Development and psychometric testing of Hensarling's Diabetes Family Support Scale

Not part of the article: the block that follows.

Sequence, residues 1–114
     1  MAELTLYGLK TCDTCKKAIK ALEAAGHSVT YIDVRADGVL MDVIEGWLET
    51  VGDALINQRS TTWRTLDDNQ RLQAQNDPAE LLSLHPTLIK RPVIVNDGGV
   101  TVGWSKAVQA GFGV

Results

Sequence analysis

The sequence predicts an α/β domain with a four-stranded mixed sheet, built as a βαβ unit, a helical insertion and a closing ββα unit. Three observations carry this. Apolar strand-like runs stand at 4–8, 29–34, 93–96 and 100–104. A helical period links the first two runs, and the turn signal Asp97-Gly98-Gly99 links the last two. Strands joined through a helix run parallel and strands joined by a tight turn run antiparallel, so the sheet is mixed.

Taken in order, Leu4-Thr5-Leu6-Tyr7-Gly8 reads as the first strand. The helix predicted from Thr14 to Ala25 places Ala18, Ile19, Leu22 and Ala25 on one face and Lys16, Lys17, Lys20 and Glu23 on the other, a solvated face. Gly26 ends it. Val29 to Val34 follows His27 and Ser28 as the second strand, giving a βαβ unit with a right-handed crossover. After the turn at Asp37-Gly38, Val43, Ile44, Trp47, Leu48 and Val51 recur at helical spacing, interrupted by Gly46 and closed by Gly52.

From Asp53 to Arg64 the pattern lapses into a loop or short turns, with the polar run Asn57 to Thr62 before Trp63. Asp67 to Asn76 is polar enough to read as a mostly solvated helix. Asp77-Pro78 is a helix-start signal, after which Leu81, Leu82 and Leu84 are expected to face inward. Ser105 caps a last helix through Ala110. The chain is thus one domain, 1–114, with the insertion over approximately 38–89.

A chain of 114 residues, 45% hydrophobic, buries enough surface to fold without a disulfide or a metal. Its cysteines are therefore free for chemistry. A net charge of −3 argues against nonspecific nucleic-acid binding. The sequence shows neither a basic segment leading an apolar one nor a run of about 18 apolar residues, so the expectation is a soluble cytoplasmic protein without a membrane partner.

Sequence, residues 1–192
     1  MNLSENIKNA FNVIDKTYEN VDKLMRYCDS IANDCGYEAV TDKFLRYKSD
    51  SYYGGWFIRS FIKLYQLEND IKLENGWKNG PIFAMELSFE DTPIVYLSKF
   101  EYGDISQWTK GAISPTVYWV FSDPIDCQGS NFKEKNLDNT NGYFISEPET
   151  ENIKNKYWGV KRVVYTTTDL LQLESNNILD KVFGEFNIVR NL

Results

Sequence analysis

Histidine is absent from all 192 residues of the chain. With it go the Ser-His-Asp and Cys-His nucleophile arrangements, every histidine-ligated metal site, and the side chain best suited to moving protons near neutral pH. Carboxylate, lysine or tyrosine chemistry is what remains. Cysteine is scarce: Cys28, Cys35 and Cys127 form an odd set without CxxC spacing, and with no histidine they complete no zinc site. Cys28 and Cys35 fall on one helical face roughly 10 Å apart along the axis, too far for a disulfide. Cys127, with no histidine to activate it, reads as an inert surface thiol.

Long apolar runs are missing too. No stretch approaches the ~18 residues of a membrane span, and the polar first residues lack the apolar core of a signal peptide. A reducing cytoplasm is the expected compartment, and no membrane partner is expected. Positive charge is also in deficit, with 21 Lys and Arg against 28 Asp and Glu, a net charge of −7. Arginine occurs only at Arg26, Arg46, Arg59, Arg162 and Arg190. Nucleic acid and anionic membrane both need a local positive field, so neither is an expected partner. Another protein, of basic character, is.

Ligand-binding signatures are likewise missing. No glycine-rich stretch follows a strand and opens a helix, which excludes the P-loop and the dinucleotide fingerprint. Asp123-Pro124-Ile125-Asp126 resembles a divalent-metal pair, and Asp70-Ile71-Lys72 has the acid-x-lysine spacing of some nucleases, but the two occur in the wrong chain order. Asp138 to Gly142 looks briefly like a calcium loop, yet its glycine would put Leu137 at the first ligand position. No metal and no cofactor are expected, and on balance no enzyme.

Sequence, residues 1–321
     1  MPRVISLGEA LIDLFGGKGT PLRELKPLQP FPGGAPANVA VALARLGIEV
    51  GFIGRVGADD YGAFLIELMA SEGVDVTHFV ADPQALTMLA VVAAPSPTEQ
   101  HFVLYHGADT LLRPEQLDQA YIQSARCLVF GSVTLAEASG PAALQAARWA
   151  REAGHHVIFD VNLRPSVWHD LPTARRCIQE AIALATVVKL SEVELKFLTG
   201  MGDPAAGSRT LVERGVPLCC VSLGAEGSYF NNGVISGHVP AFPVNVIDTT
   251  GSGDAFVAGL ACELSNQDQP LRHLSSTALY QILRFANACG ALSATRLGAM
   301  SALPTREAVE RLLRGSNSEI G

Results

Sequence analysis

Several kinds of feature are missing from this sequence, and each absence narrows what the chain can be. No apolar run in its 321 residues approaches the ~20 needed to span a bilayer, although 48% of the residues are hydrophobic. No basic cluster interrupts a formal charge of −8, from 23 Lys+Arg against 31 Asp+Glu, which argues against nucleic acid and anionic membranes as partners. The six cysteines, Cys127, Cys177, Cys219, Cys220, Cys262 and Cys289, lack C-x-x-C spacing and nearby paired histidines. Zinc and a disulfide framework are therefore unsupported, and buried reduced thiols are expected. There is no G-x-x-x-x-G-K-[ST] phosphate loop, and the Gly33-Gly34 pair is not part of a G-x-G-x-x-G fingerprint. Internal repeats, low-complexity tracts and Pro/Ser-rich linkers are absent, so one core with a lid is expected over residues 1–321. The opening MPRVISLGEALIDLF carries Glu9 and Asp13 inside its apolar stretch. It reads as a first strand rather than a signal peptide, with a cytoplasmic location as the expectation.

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The purpose of this study was to develop Hensarling's Diabetes Family Support Scale (HDFSS) as a valid and reliable instrument to specifically measure perceived family support of adults with type 2 diabetes. The sample included 158 participants with type 2 diabetes who responded to three instruments: General Information Form (GIF), HDFSS, and Social Support in Chronic Illness Inventory (SSCII). Psychometric testing focused on estimating reliability (i.e., internal consistency) and several types of validity: content, criterion-related (concurrent and predictive), convergent, and construct validity. Testing also resulted in item reduction, from 29 to 24 items. The Content Validity Index (CVI) of the 24-item HDFSS was 1.00. The HDFSS demonstrated estimates supporting internal consistency with an item-item correlation mean of .52, item-total score correlations between .49 and .87, and Cronbach's alpha of .96. Concurrent validity was tested by examining the correlation of the total HDFSS score with a 1-item rating of "perceived overall family support" (on a scale of 0 to 10) using Kendall's tau (τ). The resulting correlation was moderate (.58, p = .01), as predicted. Predictive validity was tested by examining the correlation of the total HDFSS score with the self-reported Hemoglobin A1c (HbA1c), resulting in a low (τ = −.048, p = .45) correlation; though low, this correlation was in the predicted direction. Convergent validity examined the relationship between the scores on the HDFSS and a similar instrument, Social Support in Chronic Illness Inventory (SSCII), a measure of satisfaction with family support by persons with chronic illness. The resulting correlation was moderate (τ = .52), slightly below the moderately high correlation (τ ≥ .55) predicted. The HDFSS demonstrated internal construct validity through the emergence of four theoretically clear dimensions: (a) empathetic support, (b) encouragement, (c) facilitative support and (d) participative support. Results demonstrate that the HDFSS is a valid and reliable instrument when used with this sample. Further testing is needed with other samples to determine whether findings replicate. An alternate approach to assessing predictive validity is suggested. The HDFSS should serve as an efficient and psychometrically sound tool for both clinical and research applications.